My latest light bulb over the head was that I should arrange to do chalk drawings with the kids. We could talk about iconography, and put chalk drawings on the pavement around the church, to be enjoyed by people attending Mass. I wasn't born yesterday, so I knew the first step would be to get permission from everyone who could possibly be in a position to grant it.
Henry Kissinger famously remarked that the reason academic politics are so vicious is because the stakes are so low. Well, the stakes don't get much lower than parish religious education, at least in terms of status or money. My request for permission immediately revealed an ongoing turf war between the director of PREP and the Principal of the parish school.
My co-teacher suggested I bypass everyone and go directly to the pastor and get his permission. Our pastor is a very sweet man; I'll call him Father Magnanimous. In our discussion, it became crystal clear that he doesn't have the foggiest notion what's going on in the PREP program, or what's in the curriculum. For instance, he said that "of course" the kids would all know Psalm 23 ("The Lord is my shepherd ..."). I would bet legal tender these kids wouldn't know Psalm 23 if it walked up and bit them in the ear.
But the part of our discussion that I remember best went like this:
Fr. Magnanimous: "Your role as catechist is to serve as a model of charity [i.e., perfect love]."
My thought balloon: "wow, I'm even less qualified for this job than I thought."
What I said: "I'd better bring more than that, or the kids will start a riot."
In the end, Fr. Magnanimous gave his permission, but said he'd have to check with the business director.
Next, I got an e-mail from the director of PREP (let's call her "Ms. Charge"), explaining that she had consulted with the parish business director and the parish director (let's call her "Attila the Nun"), and they were concerned that people might walk on the chalk drawings and track chalk into the church, the kids might make noise, etc. Their counteroffer was that we could draw on a remote portion of the parking lot, and that Ms. Charge could bring her personal collection of religious objects to show to the class.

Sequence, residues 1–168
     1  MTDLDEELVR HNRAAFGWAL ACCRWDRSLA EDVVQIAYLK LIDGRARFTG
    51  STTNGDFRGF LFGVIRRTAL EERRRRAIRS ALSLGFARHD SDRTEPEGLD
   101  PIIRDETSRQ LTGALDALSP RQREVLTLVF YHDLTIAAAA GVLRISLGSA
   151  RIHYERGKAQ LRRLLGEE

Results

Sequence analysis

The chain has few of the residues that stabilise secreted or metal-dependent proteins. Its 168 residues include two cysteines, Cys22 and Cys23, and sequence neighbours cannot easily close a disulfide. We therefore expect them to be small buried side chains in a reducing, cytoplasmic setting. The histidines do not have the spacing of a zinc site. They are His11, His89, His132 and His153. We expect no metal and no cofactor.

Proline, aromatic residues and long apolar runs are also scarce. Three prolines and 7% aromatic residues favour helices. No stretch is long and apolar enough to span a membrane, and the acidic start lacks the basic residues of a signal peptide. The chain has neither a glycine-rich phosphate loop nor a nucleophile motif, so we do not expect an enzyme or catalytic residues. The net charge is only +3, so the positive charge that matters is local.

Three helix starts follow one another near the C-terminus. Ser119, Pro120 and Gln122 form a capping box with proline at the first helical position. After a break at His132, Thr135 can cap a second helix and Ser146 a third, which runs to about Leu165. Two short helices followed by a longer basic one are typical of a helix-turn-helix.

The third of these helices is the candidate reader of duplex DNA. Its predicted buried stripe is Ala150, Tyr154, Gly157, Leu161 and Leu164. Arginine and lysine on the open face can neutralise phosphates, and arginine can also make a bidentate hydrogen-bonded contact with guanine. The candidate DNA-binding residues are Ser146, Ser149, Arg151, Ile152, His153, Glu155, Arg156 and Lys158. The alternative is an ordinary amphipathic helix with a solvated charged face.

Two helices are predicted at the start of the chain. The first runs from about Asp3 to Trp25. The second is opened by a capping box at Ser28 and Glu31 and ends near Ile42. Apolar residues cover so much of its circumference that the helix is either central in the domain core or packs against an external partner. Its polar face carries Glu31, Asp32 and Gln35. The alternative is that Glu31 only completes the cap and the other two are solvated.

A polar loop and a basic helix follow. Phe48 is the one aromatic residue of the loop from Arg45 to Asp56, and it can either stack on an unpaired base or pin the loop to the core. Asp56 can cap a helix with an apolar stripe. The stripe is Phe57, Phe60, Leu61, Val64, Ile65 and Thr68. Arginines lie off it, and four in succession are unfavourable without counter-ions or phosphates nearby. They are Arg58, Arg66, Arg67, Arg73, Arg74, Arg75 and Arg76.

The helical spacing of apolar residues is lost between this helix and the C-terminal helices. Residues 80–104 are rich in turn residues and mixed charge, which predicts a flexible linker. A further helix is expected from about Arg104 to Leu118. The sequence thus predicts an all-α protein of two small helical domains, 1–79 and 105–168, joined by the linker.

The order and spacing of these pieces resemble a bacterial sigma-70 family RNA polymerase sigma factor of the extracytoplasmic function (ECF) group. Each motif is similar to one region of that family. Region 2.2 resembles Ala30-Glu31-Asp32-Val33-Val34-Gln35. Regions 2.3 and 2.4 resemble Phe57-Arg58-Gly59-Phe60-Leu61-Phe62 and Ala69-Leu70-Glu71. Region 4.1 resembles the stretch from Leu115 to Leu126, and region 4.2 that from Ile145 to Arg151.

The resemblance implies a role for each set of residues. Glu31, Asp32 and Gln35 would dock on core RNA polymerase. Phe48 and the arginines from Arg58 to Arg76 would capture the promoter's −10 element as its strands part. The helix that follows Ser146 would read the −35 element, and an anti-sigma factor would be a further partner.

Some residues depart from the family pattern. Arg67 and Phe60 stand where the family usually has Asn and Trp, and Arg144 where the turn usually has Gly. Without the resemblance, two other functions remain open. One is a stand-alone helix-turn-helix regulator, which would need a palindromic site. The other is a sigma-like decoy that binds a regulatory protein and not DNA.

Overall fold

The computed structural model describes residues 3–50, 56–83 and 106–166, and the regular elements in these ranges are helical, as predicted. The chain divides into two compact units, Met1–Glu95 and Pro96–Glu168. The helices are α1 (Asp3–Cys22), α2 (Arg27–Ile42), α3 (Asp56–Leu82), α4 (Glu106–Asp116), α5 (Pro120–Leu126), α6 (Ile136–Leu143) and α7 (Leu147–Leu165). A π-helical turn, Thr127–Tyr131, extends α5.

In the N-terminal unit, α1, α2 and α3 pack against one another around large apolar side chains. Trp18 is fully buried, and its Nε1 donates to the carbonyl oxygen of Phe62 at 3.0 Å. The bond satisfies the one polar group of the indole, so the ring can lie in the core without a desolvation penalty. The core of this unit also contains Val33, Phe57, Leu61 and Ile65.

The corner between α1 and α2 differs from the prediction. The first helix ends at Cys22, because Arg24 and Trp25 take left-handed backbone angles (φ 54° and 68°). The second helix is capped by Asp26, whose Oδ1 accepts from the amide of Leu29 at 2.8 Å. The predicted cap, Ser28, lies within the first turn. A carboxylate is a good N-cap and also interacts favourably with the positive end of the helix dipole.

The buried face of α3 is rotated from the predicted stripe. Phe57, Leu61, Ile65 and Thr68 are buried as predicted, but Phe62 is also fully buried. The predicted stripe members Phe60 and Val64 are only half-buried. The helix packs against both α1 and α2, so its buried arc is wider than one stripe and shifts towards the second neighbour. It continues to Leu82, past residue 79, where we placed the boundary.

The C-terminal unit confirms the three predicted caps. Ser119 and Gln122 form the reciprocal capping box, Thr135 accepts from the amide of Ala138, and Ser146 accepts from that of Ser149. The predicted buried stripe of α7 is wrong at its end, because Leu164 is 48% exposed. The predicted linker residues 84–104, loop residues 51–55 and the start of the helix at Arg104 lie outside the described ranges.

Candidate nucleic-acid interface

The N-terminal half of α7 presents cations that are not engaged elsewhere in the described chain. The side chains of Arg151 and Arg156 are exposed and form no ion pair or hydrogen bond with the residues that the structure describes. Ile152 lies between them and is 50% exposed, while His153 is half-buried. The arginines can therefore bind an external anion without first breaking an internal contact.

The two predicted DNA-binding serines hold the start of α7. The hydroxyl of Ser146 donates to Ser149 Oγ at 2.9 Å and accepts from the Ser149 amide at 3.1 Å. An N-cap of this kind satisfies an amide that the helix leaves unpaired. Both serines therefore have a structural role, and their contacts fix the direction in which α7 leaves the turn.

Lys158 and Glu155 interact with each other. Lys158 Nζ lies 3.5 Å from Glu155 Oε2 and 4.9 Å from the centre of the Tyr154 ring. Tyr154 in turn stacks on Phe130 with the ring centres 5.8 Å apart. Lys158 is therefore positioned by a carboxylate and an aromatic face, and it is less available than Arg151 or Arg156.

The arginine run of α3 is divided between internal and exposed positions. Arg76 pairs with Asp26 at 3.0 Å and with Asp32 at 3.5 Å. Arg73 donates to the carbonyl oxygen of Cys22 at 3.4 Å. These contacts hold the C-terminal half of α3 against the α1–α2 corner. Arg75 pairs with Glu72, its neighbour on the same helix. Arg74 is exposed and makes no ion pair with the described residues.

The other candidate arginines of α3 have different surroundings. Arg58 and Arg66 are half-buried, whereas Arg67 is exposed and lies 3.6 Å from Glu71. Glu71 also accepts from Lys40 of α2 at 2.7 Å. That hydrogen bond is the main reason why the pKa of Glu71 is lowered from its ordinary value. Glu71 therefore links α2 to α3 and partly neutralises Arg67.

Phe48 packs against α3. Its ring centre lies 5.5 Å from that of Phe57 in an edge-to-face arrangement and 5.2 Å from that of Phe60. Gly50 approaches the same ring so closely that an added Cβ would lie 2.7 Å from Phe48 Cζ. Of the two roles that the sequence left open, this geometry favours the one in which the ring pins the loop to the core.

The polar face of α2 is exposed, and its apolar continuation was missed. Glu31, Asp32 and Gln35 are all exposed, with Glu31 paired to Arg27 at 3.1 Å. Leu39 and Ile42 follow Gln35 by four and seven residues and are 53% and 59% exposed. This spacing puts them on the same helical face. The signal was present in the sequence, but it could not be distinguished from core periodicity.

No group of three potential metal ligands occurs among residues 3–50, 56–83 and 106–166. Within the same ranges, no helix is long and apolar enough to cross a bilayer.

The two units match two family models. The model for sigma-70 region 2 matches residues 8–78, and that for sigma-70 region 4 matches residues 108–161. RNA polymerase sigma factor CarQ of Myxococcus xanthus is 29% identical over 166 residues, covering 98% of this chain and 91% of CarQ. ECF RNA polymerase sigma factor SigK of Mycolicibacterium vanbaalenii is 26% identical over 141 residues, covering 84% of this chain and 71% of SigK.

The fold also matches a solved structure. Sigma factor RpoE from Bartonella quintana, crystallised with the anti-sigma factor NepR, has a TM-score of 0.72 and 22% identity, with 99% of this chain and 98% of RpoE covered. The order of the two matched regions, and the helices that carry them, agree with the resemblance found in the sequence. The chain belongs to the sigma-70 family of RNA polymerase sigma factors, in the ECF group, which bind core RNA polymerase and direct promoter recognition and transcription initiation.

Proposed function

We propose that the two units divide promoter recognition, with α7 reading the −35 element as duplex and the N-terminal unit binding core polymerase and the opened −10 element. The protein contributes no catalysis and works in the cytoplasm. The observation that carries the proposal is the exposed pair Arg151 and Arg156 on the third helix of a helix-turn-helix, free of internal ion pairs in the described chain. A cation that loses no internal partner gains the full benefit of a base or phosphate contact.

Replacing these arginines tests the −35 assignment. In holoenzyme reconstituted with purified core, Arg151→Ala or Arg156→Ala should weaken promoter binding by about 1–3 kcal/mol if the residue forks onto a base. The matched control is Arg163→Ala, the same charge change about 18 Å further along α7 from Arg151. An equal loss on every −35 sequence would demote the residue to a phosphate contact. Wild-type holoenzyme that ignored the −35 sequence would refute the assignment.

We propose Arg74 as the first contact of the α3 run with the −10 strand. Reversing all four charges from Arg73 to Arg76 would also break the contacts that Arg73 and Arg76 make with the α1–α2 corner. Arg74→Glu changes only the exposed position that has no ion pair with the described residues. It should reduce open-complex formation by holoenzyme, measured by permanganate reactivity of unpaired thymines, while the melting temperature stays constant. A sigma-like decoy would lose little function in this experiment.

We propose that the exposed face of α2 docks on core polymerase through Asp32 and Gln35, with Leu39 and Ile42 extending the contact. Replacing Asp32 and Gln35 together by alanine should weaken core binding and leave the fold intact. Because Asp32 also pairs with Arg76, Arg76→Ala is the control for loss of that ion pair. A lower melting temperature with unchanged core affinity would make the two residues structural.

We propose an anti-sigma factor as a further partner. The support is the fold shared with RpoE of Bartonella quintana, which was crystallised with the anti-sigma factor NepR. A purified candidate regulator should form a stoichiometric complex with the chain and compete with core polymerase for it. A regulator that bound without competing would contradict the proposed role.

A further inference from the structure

We said OK to the terms of the counteroffer on the theory that we might as well take what we can get. Ms. Charge came to our class this morning and showed the kids her collection; miniatures of items used for saying Mass, a priest's traveling kit, icons, rosaries, etc. This went extremely well. The kids were interested, and glad of the chance to get up out of their seats and look at and handle the various objects.
I'm hoping to draw symbolic animals for the chalk drawings, so I introduced the symbols of the dove and the lamb. I showed a couple of videos containing doves behaving unpredictably;
Next, we talked about the lamb. I told them about the use of lambs for a sacrifice; this got a little graphic.
Kid (sardonically): "that's pleasant!"
"It's not pretty", I said. That's why their curriculum never mentions it. But if you don't know that lambs got sacrificed, you don't know why Jesus was called the Lamb of God. It wasn't because of his sweet fluffiness, that's for sure.
I wanted to tell the kids about the Sacrifice of the Mass, part of the dark, mystical, difficult tradition of the Catholic Church, or what I consider the good stuff.
Me: "does the Church still perform sacrifices today?"
Me: "Actually, the Church performs sacrifices every day, many times a day."
Kid (raising hand): " ... but where do they get all the lambs?"
I told them that the Mass is both a sacrifice and a banquet; an important if mind-boggling point.
We still had a few minutes left, so I had time for this:
Me: "So I talked to Fr. Magnanimous earlier this week. He says my job is to serve as a model of charity. Charity is the highest form of love, higher than romantic love. It's the kind of love that God has; it's the kind of love that God is. Do you think it would be easy for me to be a model of charity?"
Kids and co-teacher, as one: "No!"
Me: "I think it's practically impossible."
And with that, the class ended. Next week, chalk drawings, I hope!